NZ Formulary

Tacrolimus (for transplant patients)


What does it do?

Tacrolimus is an immunosuppressant used with other medicines to prevent transplant rejection.

How should you take it?

Take tacrolimus regularly as directed. You can take tacrolimus with or without food, but take it the same way each time.

What if you forget a dose?

Take the missed dose as soon as possible. If it is close to the time for your next dose, skip the missed dose and carry on as normal. Do not take two doses at the same time.

Can you take other medicines?

Some medicines available without a prescription may react with tacrolimus including:

  • anti-inflammatories, such as diclofenac (e.g. Voltaren®), ibuprofen (e.g. Nurofen®), or aspirin (e.g. Disprin®, in doses used for pain relief). These can also be found in some cold and flu medicines (e.g. Nurofen Cold and Flu®).

Tell your pharmacist or doctor about all medicines or treatments that you may be taking, including vitamins, herbal products (e.g. St John's wort, echinacea) or recreational drugs.

What side effects might you notice?

Side EffectsRecommended action

Reduced number of blood cells that fight infections or help your blood to clot - symptoms include: fever, chills, sore throat or generally feeling unwell, or easy or unusual bruising or bleeding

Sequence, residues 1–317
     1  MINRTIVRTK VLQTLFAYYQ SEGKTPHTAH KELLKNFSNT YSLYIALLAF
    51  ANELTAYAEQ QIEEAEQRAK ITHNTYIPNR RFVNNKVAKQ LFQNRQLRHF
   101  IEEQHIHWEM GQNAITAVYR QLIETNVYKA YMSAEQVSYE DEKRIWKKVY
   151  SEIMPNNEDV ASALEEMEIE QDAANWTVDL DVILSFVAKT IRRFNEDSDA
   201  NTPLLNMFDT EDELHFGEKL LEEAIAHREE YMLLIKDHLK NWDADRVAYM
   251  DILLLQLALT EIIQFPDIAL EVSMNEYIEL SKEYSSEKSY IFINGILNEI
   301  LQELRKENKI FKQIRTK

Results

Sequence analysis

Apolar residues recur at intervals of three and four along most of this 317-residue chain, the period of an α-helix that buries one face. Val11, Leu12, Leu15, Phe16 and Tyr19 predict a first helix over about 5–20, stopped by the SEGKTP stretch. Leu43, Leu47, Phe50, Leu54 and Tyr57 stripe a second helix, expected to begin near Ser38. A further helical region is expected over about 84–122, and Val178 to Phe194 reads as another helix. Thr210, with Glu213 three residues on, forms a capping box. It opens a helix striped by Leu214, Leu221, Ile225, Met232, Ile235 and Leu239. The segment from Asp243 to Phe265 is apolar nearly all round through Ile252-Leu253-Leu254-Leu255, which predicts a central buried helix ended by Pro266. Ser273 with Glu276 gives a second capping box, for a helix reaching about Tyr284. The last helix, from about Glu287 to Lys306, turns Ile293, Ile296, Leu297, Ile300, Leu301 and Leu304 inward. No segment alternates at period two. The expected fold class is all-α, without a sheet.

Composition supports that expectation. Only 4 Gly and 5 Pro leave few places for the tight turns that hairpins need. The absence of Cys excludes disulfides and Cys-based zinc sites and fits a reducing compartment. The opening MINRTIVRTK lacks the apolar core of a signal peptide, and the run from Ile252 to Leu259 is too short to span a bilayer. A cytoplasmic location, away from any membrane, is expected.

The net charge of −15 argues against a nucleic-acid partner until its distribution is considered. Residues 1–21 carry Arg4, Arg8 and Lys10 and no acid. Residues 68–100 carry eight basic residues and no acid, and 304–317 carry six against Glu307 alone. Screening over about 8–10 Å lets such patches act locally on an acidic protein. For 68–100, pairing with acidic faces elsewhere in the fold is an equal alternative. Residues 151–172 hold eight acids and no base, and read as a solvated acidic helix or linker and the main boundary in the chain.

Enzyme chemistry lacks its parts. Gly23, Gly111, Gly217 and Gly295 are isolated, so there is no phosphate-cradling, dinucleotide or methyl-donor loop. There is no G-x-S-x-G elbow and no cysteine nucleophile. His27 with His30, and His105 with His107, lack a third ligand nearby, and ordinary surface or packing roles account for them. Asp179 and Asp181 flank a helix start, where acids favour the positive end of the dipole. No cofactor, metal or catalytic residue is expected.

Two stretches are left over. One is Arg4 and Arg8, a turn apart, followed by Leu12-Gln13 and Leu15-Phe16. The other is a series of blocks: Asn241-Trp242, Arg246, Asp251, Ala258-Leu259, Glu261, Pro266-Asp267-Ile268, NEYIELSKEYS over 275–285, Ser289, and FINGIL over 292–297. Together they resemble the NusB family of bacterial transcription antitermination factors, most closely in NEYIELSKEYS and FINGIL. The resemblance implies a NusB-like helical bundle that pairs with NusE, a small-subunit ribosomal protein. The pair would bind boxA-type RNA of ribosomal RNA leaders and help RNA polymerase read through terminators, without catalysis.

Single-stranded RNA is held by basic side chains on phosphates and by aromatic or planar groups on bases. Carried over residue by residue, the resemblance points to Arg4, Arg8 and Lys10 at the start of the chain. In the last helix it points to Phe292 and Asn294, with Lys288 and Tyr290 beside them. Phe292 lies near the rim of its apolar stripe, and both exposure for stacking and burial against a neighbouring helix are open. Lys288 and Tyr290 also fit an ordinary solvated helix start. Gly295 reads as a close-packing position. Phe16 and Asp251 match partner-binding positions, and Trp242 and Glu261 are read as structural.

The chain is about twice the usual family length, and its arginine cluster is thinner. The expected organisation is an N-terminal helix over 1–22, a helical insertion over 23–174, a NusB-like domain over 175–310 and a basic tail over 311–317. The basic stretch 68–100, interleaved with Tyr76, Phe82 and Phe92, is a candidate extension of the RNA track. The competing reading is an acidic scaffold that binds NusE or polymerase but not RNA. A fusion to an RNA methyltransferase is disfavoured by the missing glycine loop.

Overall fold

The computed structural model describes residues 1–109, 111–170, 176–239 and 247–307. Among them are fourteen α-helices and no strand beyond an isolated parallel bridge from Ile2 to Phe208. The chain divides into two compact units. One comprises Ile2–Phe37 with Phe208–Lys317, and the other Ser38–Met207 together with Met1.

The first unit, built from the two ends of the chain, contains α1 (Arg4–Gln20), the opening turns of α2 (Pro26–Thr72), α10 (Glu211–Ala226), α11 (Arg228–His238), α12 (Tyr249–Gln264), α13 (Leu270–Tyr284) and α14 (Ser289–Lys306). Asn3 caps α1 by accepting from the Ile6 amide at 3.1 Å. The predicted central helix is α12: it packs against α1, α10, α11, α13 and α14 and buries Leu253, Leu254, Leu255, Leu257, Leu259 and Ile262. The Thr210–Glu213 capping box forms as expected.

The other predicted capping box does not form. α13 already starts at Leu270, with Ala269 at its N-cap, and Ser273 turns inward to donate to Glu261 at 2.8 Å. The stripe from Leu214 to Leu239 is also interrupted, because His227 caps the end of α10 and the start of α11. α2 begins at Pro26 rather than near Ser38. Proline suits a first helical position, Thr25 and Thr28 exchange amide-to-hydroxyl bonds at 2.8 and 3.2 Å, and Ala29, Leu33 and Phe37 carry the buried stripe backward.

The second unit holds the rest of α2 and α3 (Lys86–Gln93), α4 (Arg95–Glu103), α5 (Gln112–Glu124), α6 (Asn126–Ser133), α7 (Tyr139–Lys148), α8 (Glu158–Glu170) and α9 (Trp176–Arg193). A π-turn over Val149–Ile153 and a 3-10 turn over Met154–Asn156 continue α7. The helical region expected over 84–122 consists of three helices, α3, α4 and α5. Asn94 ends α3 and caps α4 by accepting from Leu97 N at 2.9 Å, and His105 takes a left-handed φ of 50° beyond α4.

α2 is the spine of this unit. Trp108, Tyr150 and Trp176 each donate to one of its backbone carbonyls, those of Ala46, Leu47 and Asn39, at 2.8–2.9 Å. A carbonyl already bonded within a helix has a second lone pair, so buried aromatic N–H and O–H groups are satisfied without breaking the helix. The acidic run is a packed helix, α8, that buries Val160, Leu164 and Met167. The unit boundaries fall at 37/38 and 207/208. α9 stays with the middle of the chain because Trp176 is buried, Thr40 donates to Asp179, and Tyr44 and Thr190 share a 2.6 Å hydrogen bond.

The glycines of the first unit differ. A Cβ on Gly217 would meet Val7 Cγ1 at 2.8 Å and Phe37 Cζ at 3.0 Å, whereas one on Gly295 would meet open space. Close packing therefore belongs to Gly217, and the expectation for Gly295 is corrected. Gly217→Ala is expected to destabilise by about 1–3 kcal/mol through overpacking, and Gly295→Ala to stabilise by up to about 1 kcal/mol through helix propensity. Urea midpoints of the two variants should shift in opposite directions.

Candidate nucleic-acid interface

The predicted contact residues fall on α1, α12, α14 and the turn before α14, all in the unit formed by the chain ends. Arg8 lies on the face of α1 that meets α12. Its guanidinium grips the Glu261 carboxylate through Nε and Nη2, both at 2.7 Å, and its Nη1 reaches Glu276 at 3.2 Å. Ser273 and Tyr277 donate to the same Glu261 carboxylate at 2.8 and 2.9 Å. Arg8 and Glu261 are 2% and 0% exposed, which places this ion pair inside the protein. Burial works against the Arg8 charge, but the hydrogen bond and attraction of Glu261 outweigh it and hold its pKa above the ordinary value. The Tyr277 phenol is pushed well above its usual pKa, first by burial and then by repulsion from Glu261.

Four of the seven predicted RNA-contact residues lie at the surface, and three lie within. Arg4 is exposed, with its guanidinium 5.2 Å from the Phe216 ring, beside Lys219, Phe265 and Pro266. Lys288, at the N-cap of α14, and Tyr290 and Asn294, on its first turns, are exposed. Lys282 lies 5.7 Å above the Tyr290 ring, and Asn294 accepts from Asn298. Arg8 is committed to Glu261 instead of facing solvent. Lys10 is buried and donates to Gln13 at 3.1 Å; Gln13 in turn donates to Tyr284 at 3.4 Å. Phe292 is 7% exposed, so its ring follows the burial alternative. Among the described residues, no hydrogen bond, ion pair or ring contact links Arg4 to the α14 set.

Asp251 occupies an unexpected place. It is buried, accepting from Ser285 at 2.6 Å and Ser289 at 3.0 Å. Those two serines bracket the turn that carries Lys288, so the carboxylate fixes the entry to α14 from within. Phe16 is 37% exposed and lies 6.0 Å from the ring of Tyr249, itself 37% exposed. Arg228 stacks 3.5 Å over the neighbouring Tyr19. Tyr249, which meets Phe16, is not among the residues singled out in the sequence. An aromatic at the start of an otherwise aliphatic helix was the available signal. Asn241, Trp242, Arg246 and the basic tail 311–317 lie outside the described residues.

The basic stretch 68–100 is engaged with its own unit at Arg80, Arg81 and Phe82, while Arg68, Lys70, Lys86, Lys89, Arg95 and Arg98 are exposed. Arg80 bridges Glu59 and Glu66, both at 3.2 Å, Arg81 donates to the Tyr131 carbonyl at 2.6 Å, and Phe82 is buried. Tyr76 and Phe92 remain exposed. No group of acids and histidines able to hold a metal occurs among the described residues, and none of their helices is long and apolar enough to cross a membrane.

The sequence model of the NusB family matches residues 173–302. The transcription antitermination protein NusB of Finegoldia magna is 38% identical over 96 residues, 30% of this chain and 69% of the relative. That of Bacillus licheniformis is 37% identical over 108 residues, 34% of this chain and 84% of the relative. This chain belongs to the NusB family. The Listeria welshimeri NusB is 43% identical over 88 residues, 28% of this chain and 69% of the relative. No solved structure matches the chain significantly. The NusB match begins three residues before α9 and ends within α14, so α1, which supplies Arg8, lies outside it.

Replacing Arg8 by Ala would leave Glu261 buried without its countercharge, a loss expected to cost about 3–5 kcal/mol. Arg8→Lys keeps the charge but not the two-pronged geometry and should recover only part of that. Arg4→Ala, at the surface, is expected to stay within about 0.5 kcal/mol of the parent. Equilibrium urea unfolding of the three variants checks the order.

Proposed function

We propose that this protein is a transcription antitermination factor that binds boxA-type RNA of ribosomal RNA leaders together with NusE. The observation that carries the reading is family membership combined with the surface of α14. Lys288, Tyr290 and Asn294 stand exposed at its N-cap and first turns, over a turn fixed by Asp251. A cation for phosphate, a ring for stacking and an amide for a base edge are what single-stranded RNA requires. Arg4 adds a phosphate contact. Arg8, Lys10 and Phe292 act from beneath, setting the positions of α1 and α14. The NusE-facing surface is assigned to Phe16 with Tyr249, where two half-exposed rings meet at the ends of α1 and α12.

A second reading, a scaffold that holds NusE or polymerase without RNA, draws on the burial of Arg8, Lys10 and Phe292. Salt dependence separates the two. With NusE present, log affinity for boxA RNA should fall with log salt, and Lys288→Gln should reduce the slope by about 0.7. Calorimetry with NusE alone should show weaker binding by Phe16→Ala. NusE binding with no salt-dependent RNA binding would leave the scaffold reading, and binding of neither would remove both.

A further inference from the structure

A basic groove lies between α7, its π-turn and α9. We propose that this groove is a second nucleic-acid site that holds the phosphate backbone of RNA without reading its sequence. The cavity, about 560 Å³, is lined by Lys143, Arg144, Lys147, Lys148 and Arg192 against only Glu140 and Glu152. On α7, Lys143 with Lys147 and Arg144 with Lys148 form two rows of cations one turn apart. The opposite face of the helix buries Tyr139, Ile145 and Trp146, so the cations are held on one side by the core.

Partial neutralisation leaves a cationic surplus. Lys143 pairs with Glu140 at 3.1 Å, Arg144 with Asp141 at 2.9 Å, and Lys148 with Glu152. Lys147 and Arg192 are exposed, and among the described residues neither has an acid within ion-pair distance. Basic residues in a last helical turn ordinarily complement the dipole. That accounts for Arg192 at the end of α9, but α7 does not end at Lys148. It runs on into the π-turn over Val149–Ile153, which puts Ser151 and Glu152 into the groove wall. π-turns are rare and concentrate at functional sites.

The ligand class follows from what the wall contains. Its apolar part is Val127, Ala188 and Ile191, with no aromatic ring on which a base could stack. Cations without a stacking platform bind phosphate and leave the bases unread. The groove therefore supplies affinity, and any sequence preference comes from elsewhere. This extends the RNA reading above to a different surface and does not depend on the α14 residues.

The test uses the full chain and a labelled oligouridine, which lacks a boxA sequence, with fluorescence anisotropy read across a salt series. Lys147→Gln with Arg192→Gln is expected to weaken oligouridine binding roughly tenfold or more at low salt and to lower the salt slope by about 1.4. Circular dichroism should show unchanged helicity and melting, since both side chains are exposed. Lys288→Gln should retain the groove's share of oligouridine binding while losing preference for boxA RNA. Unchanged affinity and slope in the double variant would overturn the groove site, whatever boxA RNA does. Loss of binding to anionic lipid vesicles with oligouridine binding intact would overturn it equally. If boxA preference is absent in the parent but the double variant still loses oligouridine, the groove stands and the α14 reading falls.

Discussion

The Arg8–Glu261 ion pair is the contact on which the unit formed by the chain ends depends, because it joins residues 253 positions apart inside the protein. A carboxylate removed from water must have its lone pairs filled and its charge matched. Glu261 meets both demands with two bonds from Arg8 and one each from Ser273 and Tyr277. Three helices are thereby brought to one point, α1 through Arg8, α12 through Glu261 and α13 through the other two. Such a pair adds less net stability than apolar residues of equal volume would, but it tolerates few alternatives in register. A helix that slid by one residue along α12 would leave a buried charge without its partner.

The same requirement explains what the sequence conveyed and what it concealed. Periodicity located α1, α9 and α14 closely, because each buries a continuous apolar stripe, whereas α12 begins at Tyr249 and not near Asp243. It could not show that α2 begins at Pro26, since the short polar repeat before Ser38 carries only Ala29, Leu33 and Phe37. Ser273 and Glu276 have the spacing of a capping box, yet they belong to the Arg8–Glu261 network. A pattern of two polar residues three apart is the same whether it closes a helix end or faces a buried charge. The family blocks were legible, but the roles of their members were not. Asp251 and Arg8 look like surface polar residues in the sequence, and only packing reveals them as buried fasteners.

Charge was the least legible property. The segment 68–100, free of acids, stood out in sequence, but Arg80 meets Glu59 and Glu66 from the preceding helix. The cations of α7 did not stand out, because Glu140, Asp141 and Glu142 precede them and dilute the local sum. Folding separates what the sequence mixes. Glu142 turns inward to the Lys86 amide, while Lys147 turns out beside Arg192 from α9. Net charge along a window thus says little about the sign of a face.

Fast or irregular heartbeat, chest pain


Tell your doctor immediately

Dizziness, pale skin

Hearing loss, ringing in the ears

Peeing more often, feeling thirsty

Swollen feet or legs, short of breath

Increased blood pressure

Tell your doctor

Headache, trouble sleeping


Joint, muscle or bone aches and pains, tremor, tingling or numbness

Acne, hair loss or thinning

Nausea, vomiting, diarrhoea, constipation

Tell your doctor if troublesome

If you notice any other effects, discuss them with your doctor or pharmacist.

Other information:

  • Do not stop taking tacrolimus unless your doctor at the transplant clinic tells you to. You may have to take tacrolimus for the rest of your life.
  • Use reliable contraception while taking tacrolimus. If you plan to become pregnant, or find you are pregnant, discuss this with your doctor. Tell your doctor if you are breastfeeding.
  • You will need regular blood tests to measure the amount of tacrolimus in your blood. On the morning of the blood test, do not take your regular dose of tacrolimus until after the blood has been taken. Other blood tests will monitor how your kidneys are working and your cholesterol levels (tacrolimus can increase cholesterol).
  • Tacrolimus weakens your immune system, making it harder for your body to fight infections. You may need tests before you start to make sure you don't have any infections like tuberculosis (TB), HIV, or hepatitis B and C.
  • Ask your doctor what vaccines you might need before you start and while you are taking tacrolimus. You should not have a live vaccine while taking tacrolimus.
  • Protect yourself from too much sunlight while taking immunosuppressant medicines (they may increase your risk of skin cancer). Always cover up and apply a thick layer of broad spectrum sunscreen (at least SPF30) when outside. Do not use sunbeds.
  • Women using tacrolimus for a long time may need cervical screening more often. Discuss with your doctor.
  • It is important to tell anyone who gives you medical or dental treatment that you are taking tacrolimus.
  • Grapefruit, grapefruit juice or sour/Seville oranges may react with tacrolimus. Discuss with your pharmacist.